In other situations, both major party candidates may be equally opposed to core Family First policies on issues like marriage, euthanasia, or abortion. In such a case we have several things to consider, such as general party position, preference negotiations, and campaign strategy - any one of which could break the tie. If we have no strong feelings on the matter in a Qld state election (where it’s optional to give preferences), we may also decline to recommend some candidates at all, and leave some boxes blank.
In the case of preference deals and negotiations, every party we talk to (and we talk to every party) understands that if they preselect a candidate we feel we cannot support because of their personal position on our core values, the deal is off in that seat. We would never ever recommend voting for a candidate who is anti-family above a candidate who is pro-family. Any rumours you hear to the contrary are just that - rumours. We welcome scrutiny on this claim.
Preference negotiations are usually conducted on the trust that those talks and agreements are kept confidential, and so we will never betray that confidence. This guarantees that other parties will keep negotiating with us, increasing the influence Family First voters and supporters have at and between elections.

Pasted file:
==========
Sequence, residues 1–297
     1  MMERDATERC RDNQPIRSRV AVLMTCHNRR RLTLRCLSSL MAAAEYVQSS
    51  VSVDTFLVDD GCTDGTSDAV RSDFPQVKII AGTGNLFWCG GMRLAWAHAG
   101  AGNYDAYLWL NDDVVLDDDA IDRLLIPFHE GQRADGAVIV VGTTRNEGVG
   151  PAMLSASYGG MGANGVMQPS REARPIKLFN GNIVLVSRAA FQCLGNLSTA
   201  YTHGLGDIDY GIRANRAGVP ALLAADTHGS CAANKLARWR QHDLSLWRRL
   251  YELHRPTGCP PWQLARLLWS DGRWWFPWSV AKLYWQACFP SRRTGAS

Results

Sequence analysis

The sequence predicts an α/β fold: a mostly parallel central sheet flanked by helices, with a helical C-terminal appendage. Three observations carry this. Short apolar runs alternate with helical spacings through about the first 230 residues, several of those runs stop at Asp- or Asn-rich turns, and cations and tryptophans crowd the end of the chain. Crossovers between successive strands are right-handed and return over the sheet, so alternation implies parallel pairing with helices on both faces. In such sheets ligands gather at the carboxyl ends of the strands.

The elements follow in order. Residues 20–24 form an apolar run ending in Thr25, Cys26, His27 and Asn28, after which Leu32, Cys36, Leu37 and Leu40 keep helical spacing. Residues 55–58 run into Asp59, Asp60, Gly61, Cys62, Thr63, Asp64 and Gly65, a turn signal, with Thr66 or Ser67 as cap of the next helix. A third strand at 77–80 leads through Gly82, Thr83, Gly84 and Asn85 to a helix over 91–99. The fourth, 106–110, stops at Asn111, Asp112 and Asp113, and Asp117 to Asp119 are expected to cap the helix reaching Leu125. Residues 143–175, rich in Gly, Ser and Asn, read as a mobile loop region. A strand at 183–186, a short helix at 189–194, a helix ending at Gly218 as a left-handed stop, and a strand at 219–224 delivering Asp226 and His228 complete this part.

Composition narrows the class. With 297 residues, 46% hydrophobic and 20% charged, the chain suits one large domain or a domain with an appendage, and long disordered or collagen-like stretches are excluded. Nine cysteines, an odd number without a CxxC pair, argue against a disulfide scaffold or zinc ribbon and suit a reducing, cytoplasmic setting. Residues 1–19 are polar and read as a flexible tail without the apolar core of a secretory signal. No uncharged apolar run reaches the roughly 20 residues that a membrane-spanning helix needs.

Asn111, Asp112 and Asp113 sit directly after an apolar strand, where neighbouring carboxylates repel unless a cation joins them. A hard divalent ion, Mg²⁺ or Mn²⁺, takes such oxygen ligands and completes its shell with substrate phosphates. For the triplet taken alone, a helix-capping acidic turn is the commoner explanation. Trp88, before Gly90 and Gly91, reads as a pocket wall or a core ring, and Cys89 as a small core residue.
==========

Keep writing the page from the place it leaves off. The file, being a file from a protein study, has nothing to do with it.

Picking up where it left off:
Another occasional concern is that Family First will consider the lack of response from another candidate or party as a negative response. We feel we have no other choice, and here’s why.
Firstly, it is not unreasonable to ask a candidate their position on policies if that candidate is standing for election. We ask on behalf of all our voters and supporters in order to make better informed recommendations. We always allow enough time to respond. Secondly, we never discourage or refuse to communicate with any candidate seeking to receive the benefit of our voters’ preferences. It is reasonable to assume that if a candidate or party wanted our preferences, they would encourage this respectful dialogue.